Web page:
Nicholas Geldard, was moved between three hospitals in Greater Manchester before being driven 45 miles through a snowstorm to a fourth in Leeds. By the time a scan confirmed the haemorrhage, doctors were unable to save him.
Nicholas, from Offerton, Stockport, collapsed last Thursday and was taken to Stockport Infirmary. His mother, Cath, said it took 20 minutes for an ambulance to arrive. At the hospital he was seen by a nurse, but not a doctor, she claimed. Mrs Geldard said a decision was taken to give Nicholas a scan at Stepping Hill Hospital.
However, the ambulance transfer took an hour and because the scanner at Stepping Hill operates between 9am and 5pm, when Nicholas got there, it was closed. Doctors decided to carry out the scan next day, but when the boy's condition deteriorated it became clear they could not wait. He was given a scan at Hope Hospital, also in Greater Manchester, which confirmed slow bleeding was putting pressure on his brain.
An operation was vital. But then doctors hit another snag - no paediatric intensive care beds available. The only available bed was at Leeds General, 45 miles away. When, Nicholas reached there, after an ambulance drive through a snowstorm, he was dead.
Mrs Geldard said: "We are very, very angry. You put your life in the hands of the health service yet Nicholas was fatally let down. This shouldn't happen ever again. It was a nightmare."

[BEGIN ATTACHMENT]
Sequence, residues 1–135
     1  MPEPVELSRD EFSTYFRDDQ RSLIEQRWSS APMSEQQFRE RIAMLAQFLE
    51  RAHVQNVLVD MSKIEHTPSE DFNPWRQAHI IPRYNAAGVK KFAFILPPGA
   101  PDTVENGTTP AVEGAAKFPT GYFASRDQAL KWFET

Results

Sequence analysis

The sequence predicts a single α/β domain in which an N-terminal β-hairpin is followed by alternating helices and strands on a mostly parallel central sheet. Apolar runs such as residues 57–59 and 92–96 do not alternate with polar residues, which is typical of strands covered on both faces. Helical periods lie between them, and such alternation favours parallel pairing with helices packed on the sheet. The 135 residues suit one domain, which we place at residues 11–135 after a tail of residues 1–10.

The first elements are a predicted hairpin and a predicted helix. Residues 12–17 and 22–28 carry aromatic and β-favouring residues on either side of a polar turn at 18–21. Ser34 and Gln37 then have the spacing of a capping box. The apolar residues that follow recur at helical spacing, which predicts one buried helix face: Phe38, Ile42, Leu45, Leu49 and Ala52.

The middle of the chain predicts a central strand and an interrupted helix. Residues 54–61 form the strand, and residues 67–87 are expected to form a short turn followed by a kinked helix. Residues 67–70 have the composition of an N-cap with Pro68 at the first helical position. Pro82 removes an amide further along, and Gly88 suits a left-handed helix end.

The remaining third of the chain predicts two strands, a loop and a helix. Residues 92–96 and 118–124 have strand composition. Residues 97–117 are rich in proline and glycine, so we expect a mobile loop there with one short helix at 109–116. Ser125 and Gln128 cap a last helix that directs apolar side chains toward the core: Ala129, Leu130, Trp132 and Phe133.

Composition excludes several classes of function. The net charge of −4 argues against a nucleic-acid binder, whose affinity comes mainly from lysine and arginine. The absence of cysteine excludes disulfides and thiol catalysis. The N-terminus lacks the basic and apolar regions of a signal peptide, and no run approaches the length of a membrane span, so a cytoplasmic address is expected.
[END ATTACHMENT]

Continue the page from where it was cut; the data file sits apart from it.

Ann Coffey, Labour MP for Stockport, echoing Labour's call for a Department of Health inquiry, said: "There are two serious issues. One is why a very expensive scanner paid for by public subscription is not available after 5pm, and second is the unavailability of intensive care beds. "In the north-west we have some very fine hospitals, very fine doctors and very good facilities. But if because of the way the internal market operates you can't use these facilities, it raises questions about planning and the use of resources. I want this to be investigated at a very high level."
Stockport Healthcare NHS Trust and Stockport Acute Services NHS Trust said in a joint statement: "This is a distressing set of circumstances in which every effort was made by trusts to avoid the ultimately tragic outcome. We offer our deepest sympathy to the family of Nicholas Geldard." The trusts said a "full inquiry" would be held. Preliminary inquiries had indicated that "good clinical practice was observed".Reuse content